SEOs and developers have historically had a complicated relationship, often filled with frustration, misunderstanding and, unfortunately, hostility wherever their skills overlap. SEOs can’t see why their requests aren’t being prioritised and developers can see SEO activities as extra workload and will resist as a result. We see it all the time – the more an SEO badgers, the more a developer delays – and that’s not just SEOs and developers by any means.
Nowadays, being a good communicator and negotiator is essential to getting your technical SEO tasks implemented. That’s why we’ve rounded up some of the best ways to build a strong relationship between SEO and development teams.
Starting the working relationship off positively is the first step in building trust and respect. With so many similarities between the roles, it makes sense to collaborate rather than work in isolation, unaware of the other’s activities. Doesn’t that sound silly anyway? Too often developers have issues with SEOs getting involved too late and firing over urgent last-minute tasks that seemingly don’t have a benefit. For example, in the case of launching a new website, SEOs shouldn’t be waiting for the staging environment to go live before getting involved, an SEO’s job starts as early as choosing the domain name and mapping out the structure of the website.
The goal here is to build a partnership where you work together to research, debate, challenge and solve problems rather than simply asking for the execution of the solution. Often web developers can bring fresh insight to issues, providing superior solutions and vice versa – everyone has different strengths and should be able to play to them. This relationship doesn’t need to be a daily battle – guiding, assisting and learning from each other is a far better approach.
Work out the logistics
To work together effectively, you need to be acting like a cohesive wider team. Give the development team an overview of the project, a brief with the desired outcome for SEO, a reason why it’s important to the business goals, discuss a plan as to how you’ll work together and feedback results.
Communicate regularly, respond to their questions timely and be specific with your requests. One of the most important things is to become aware of developers’ schedules and plan your requests around that – integrate your tasks into their sprints rather than making it something entirely separate. Break tasks down by priority and be patient with lower priority tasks.
In the stereotypical SEO-developer relationship, one of the common issues is feeling like there’s a lack of respect, even if this isn’t true. It’s all about how you interact with someone – throwing tasks at someone with no consideration of their own workload and priorities can come across as disrespectful as if you don’t value their time. If you want your SEO tasks done, empathy is the way forward. Listen, explain and listen some more to build that mutual respect. Yes, they should be doing the same, but you might have to make that first step.
A huge part of that respect is saying thank you and recognising your joint successes. Share your SEO results with the developer who helped make it happen and remember their important contributions.
Speak their language
Learn to speak to developers in the right way and you’ll be lightyears ahead of everyone else. For every SEO professional, a good starting point is to build and run a website yourself, even it’s just a test WordPress website. You’ll learn about domains, servers, configuring a CMS, modifying templates, etc. This will help you understand their workload better, develop briefs more effectively and help solve problems. Developers are often being pulled in multiple directions, so the more you can connect with them in their language and just make it as easy as possible, the more receptive they will be.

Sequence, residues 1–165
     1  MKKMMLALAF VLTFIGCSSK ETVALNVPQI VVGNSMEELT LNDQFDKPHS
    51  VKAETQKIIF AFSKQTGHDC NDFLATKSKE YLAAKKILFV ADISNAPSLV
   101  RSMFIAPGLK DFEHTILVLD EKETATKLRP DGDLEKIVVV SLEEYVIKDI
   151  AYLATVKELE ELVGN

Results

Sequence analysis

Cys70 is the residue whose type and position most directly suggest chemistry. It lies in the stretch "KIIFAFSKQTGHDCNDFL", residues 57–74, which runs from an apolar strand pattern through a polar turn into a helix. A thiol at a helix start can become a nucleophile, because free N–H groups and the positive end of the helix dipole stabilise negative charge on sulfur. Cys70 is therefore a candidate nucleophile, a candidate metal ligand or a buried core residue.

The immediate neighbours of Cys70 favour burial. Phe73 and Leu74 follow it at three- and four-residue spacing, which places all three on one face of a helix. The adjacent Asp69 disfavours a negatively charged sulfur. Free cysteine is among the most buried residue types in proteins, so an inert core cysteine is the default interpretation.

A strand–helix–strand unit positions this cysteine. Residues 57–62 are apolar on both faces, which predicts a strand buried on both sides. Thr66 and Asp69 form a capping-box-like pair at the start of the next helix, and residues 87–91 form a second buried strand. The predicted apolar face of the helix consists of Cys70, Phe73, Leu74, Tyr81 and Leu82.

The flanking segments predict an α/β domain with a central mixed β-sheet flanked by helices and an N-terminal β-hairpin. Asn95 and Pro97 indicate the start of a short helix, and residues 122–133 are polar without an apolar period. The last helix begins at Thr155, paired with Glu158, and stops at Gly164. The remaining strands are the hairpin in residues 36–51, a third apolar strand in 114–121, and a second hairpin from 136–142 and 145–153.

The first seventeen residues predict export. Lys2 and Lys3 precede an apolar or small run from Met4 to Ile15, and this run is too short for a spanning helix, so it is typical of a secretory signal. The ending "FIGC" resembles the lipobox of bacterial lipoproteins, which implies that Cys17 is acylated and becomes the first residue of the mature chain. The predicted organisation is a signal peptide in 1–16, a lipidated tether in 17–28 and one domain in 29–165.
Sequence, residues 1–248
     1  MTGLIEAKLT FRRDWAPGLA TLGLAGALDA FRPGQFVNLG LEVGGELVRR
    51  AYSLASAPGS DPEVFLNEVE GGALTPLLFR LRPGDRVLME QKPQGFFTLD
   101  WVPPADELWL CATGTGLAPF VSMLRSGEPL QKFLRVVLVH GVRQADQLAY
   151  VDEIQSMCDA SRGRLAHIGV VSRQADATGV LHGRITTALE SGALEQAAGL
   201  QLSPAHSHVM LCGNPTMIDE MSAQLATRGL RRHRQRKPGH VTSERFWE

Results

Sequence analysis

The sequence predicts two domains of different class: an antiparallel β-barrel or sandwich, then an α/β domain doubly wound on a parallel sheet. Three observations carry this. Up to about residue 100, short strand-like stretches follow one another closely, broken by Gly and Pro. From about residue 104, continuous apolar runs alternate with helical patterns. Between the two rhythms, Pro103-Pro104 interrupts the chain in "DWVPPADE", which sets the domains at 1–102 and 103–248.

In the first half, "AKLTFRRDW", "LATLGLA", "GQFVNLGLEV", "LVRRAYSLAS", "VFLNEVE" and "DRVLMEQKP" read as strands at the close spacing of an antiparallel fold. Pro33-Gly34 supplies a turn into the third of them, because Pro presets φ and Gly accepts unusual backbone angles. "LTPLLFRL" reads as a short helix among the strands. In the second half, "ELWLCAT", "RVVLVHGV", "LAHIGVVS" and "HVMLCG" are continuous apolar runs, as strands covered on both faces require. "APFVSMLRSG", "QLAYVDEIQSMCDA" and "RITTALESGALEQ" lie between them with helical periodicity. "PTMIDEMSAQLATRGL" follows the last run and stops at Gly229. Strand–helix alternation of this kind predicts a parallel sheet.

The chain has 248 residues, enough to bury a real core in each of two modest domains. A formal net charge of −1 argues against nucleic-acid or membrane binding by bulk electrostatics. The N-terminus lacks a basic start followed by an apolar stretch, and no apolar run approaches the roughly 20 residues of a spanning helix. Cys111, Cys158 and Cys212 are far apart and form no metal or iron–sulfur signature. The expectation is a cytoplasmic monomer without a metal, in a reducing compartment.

Always explain the why. Describe what outcome you’re hoping to accomplish, the technicalities and what goes on behind the scenes. It’s much more motivating to do something when you know what the direct impact will be. Use data. Examples are convincing and data speaks for itself, as do KPIs (but only the ones they care about). Adapt your requests to align with their priorities, for example, explain that enhancing the product page templates with features like maps, FAQs or reviews is a scalable way to serve unique content which not only will not only make the page more relevant, and therefore better for search engines, but also reduces the frequency of dev tasks.
And please, avoid phrasing recommendations in a way that makes it sound like they’re at fault or use digital marketing acronyms. And definitely don’t tell them how to do their job.
Being able to share knowledge between you will be invaluable for you, both individually and as an organisation. A good developer will not simply listen and follow an SEO’s advice without reason, they need convincing, and the best way to do that is to use facts, stats, videos and articles to back you up. We recommend sharing documentation from Google, Lighthouse reports, data from Analytics, rankings from your rank tracker and any other useful SEO tools you use. For a developer, learning SEO expands their own skillset, so lead with this if you want to promote a partnership of learning and encourage them to do the same with you. If allowed, say that you’ll share reports at the end so they have tangible and clear SEO data that proves they did it. SEO is a great skill for any developer to add to their toolkit.
Don’t rule out bribery
Failing all that, try cake. Maybe a coffee or beer?
At the end of the day, each developer is different and prefers different personalities and approaches. None of these may work, or they could work so well you gain a lifelong friend, who knows? There’s no one-size-fits-all method, so just build trust and do what feels like the right thing to do.